Sunday, April 10, 2005

Questioning tags

Ubergeek Tim Bray asks:
    Are tags useful? Are there any questions you want to ask, or jobs you want to do, where tags are part of the solution, and clearly work better than old-fashioned search?

    I really want to believe that tagging is big, a game-changer, but the longer I go on asking this question and not getting an answer, the more nervous I get.
Tags, for those of you not paying attention to all of this, are a social software feature where random people mark various types of content with keywords., the popular social bookmarking tool, is one of the early experiments with tagging. More details at Wikipedia.

Update: Danny Sullivan and Gary Price also question tags.

Update: Stephen Green (Principal Investigator of Advanced Search Technologies at Sun) has an interesting discussion of tagging. At one point, he says, "[Tagging is] not really a new way of indexing documents, it's actually an old way that didn't work very well," but he balances that by later saying, "I'm wondering whether we couldn't get some of the benefits of a controlled vocabulary."

Update: John Dvorak at PC Magazine savages tagging, saying that "nobody outside the groupthink community really cares about any of this" and that "the 'folksonomy' notion ... is doomed to failure" because it will succumb to "vandalism and spam." [via Loose Wire]

Update: A couple months later, Tim Bray says, "It's looking like the answers are: Yes, tagging is useful; No, it's not a replacement for full-text search, even partially."


Tony Gentile said...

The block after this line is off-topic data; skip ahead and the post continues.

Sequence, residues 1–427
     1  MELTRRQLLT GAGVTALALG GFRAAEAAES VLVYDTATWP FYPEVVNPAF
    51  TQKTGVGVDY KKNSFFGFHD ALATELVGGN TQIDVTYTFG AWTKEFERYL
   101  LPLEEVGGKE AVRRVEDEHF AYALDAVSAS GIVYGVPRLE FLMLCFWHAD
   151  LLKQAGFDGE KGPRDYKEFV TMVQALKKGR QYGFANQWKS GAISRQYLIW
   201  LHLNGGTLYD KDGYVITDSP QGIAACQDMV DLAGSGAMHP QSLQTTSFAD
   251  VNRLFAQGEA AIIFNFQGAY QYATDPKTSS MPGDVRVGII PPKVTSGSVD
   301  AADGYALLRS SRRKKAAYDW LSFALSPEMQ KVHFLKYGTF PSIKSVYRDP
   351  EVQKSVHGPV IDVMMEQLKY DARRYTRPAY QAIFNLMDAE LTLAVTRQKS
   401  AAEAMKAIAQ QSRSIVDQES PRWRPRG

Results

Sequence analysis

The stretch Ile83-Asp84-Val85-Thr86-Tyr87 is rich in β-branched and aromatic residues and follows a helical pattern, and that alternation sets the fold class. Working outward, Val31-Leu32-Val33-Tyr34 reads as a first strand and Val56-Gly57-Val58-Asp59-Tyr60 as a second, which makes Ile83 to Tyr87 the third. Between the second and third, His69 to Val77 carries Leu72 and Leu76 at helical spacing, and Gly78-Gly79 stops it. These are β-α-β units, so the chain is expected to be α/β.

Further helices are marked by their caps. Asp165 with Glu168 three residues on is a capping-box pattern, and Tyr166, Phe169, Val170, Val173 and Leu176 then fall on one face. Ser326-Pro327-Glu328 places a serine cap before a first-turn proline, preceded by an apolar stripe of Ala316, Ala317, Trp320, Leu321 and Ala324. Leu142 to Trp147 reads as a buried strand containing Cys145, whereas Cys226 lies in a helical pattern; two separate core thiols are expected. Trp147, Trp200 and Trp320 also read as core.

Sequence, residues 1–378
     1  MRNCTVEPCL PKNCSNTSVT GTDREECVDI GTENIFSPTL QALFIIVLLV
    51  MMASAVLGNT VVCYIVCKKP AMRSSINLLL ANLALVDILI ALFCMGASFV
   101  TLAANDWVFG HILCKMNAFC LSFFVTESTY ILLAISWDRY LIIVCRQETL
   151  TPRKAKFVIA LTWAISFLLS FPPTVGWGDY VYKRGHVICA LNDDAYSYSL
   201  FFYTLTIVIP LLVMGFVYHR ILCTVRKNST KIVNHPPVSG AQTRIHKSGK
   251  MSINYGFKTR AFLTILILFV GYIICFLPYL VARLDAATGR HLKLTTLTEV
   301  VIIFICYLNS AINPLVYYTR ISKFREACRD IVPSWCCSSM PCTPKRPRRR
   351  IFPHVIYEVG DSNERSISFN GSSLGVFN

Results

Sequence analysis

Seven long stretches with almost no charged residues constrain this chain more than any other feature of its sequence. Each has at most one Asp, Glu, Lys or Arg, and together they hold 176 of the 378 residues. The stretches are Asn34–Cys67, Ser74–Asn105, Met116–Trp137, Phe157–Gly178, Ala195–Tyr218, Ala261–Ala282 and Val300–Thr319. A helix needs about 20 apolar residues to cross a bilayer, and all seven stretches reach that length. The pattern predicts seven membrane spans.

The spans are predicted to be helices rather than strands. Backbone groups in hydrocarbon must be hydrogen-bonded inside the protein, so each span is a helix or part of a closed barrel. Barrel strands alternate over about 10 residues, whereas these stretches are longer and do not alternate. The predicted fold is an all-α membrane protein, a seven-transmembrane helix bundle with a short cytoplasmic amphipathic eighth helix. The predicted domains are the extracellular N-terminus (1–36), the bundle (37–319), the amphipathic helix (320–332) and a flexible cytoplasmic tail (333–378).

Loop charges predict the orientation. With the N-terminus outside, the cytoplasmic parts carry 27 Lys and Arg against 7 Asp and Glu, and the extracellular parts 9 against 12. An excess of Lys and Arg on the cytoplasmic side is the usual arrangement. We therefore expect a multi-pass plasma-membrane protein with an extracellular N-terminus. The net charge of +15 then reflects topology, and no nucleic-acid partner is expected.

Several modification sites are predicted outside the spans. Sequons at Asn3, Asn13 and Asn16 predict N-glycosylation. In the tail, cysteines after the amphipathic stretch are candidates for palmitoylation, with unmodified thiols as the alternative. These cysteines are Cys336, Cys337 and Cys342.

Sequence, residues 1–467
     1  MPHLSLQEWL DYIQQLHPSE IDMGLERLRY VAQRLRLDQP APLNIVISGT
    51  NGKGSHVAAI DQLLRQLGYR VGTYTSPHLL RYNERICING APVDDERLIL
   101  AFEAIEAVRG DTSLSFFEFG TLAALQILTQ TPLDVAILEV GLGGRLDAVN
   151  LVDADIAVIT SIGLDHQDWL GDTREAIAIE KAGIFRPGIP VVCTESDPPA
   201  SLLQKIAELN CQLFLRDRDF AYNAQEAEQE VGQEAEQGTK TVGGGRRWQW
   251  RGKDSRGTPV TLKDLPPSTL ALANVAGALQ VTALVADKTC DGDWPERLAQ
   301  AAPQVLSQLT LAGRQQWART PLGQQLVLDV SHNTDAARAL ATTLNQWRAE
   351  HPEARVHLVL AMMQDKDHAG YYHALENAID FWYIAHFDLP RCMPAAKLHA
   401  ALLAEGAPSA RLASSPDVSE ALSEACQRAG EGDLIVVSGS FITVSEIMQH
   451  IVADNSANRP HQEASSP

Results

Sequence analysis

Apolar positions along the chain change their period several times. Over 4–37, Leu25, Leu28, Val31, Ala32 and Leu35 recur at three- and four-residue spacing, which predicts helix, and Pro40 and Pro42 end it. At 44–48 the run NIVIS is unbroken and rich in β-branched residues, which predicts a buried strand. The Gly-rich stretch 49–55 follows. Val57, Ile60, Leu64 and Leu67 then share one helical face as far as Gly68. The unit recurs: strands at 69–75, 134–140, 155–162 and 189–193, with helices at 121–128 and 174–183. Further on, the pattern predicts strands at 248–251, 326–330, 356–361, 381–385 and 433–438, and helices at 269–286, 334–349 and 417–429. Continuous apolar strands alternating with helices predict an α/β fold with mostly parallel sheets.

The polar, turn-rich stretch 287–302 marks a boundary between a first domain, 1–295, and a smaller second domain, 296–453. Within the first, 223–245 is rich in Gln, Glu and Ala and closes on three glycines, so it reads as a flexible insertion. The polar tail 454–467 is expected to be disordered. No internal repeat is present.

Greg, did I sufficiently answer your question on my post about automatic tag creation, or, were you less interested in the approach and purpose, and more focused on the plain and simple value of tags? Lemme know!

Greg Linden said...

Hi, Tony. Thanks for following up!

My comment on your blog was more about automated tag creation. Automated tag creation eliminates the social part of this social software tool, so I'm trying to figure out what that leaves us with and whether it still is useful.

Tim Bray in his post was questioning tags more generally. Though I think the success of and Flickr is evidence that tags are useful and valuable, I think Tim is right that it's worthwhile to contrast tags with search and think carefully about when tags will be more useful than search.

Marshall Kirkpatrick said...

I find Technorati tags very useful for narrowing search results in the blogosphere. Searching by tag is effectively a means of thematic, as opposed to full text, searching.

Likewise, I like adding tag rss feeds to my blog to provide a window for my readers into what other people are reading, writing and tagging about various topics.

Re spam, it's a part of life, isn't it? Blacklist or ignore functions can help, perhaps a function that bars more than 10 tags on a site. I don't know for sure, but I'm not willing to miss out on a great tool because of a bump in the road.

Thanks for brining together some of the positions in the debate.

brownstudy said...

On Windows, I use a URL bookmarking software called PowerMarks that relies on you assigning keywords (ie, tags). I much prefer it over the hierarchical bookmark tools. Very simple, very quick searching. I sometimes use multiple tags as synonyms (ie, mozilla and firefox), which increases my chances to locate what I'm searching for.

Now, whether anyone else would get as much out of my tags as I do, I cannot say. For myself, tags save me the agony of categorizing things into a once and for all taxonomy.

Anonymous said...

I think everyone is missing the point of tags.
I don't tag for others, I tag for myself.
It is simply a better means of organizing than a plain old heirarchy. For one thing it is much easier to morph over time.

The fact that I can share my tags on is icing and the social aspects are definatly not the cake.